Stuff the lemon wedges and ¼ of the onion inside the turkey cavity. Add the rest of the onion wedges to the roasting pan, along with the carrot and celery. Pour the chicken broth into the pan.
Use the wire rack to rest the turkey over the roasting pan, then pour any accumulated juices from the baking sheet into the pan.
Place the roasting pan on the lowest oven rack. Keeping the turkey on the wire rack (without the baking sheet), place it on the middle oven rack, directly over the roasting pan to catch any juices.
Roast the turkey for about 2 hours, or until the internal temperature reaches 160˚F. Start checking the turkey about 90 minutes into roasting to ensure it does not overcook.
Remove the turkey from the oven and set the wire rack over a baking sheet to catch any juices. Let rest for about 30 minutes while the internal temperature climbs to 165˚F.
Meanwhile, make the gravy: Remove any solids from the roasting pan. Strain the liquid into a large pot and bring to a boil, then let reduce to your desired consistency. The gravy can be served as is, or for a thicker gravy, ladle a few spoonfuls of stock into a small bowl with the flour. Whisk until no lumps remain, then stir a bit of the flour mixture at a time back into the pot. Return to a boil and let cook for 5 minutes, until thickened. Repeat as needed until the gravy has reached your desired consistency. Reduce the heat to low, whisking occasionally, until ready to serve, or remove from the heat and bring back to temperature before serving.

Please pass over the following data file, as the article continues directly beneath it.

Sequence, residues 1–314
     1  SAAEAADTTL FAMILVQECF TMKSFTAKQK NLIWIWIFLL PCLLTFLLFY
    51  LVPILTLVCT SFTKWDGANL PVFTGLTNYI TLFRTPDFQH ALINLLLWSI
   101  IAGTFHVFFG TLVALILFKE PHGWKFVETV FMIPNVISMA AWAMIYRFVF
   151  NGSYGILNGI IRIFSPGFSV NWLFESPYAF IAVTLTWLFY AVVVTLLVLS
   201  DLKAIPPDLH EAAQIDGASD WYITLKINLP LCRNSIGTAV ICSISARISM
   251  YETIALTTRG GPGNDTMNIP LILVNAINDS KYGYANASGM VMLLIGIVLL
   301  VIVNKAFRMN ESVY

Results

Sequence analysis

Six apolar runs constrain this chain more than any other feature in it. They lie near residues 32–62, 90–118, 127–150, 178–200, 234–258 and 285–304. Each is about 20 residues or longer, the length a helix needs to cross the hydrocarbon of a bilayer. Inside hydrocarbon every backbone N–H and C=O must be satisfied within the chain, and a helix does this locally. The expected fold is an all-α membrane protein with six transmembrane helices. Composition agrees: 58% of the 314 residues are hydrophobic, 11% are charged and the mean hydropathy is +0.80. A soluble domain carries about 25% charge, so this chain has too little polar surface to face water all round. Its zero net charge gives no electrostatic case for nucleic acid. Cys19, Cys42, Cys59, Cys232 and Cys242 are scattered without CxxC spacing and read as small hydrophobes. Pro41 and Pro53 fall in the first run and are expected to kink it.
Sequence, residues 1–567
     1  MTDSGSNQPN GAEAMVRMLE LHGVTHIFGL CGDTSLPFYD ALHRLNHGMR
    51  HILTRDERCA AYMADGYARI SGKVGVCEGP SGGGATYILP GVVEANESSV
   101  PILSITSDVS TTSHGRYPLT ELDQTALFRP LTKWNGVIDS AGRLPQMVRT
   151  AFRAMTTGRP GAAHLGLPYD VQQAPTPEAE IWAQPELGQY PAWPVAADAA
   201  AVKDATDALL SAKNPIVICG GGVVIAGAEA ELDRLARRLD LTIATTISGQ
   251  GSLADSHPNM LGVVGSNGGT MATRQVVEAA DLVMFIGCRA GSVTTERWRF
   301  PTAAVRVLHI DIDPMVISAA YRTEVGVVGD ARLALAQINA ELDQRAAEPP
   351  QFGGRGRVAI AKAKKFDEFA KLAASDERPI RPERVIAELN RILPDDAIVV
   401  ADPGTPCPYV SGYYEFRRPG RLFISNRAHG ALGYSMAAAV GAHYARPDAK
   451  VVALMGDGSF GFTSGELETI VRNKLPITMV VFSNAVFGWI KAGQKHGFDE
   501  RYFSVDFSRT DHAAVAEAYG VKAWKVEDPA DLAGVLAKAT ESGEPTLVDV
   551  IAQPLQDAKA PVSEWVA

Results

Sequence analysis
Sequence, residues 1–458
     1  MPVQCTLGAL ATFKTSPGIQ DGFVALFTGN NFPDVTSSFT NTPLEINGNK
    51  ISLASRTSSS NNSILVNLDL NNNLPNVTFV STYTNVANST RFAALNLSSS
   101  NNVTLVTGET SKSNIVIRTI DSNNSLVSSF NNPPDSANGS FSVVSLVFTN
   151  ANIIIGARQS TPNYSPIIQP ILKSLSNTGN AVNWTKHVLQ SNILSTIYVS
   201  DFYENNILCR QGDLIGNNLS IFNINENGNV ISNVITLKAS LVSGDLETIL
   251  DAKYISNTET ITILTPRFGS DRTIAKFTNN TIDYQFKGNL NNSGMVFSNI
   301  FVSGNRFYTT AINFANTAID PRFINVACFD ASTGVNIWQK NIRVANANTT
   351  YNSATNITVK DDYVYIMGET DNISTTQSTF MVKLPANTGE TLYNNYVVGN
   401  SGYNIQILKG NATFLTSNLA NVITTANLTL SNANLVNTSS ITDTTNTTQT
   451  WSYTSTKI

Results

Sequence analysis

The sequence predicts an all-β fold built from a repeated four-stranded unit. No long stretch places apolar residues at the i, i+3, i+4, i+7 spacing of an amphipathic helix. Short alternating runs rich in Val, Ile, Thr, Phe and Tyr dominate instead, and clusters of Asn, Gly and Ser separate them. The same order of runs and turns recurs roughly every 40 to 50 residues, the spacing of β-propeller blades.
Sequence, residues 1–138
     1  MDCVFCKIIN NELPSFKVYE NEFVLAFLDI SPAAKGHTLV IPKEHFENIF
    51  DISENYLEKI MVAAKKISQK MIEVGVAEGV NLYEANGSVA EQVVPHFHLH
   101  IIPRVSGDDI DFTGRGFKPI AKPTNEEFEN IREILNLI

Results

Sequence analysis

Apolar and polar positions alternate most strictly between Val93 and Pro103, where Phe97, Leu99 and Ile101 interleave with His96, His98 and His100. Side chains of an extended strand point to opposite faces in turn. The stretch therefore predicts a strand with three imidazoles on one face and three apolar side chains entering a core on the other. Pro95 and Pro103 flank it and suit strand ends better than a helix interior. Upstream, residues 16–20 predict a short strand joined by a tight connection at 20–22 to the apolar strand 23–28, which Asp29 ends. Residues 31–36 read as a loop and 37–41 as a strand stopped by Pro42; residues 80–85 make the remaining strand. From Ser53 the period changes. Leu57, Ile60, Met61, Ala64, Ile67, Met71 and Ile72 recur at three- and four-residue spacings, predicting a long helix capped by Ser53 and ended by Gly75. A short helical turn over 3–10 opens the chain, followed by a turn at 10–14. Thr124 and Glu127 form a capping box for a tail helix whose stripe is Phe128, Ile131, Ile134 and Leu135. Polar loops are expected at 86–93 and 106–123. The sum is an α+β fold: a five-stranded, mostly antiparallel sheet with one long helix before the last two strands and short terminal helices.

Transfer the turkey to a large cutting board with a lip to catch any juices. First, release the legs to make carving the rest of the bird easier. Using a sharp knife, cut along where the legs meet the breasts, being careful not to cut all the way through. Then, use your hands to pull the legs and thigh away from the carcass and tuck them under the wings to keep them in place.
Cut straight down along both sides of the breastbone until you can’t cut any further, then cut horizontally near the wing to release the breasts from the carcass.
Cut all the way through the legs to release from the hip joint.
Find where the shoulder meets the breast, then cut through that joint to remove the wings, using your hands to pull the wing away if the joint is tough to find.
Set the carcass aside. You can pick off any remaining meat for leftovers, or make stock from the whole carcass.
Slice the breasts crosswise, against the grain, then transfer to a serving platter. Cut the drumsticks from the thighs through the joint, wiggling the knife to find an easy release or pulling apart with your hands. Add the drumsticks to the platter. Cut the thigh meat away from the bone, then into bite-size pieces, and add to the platter. Release the flats from the wings by cutting through the joint, pulling apart with your hands if necessary, then add to the platter.
Rearrange the meat on the platter so the larger pieces of meat with crispy, browned skin are on top. Garnish the platter with sage leaves and lemon wedges, if desired.
Serve with the warm gravy.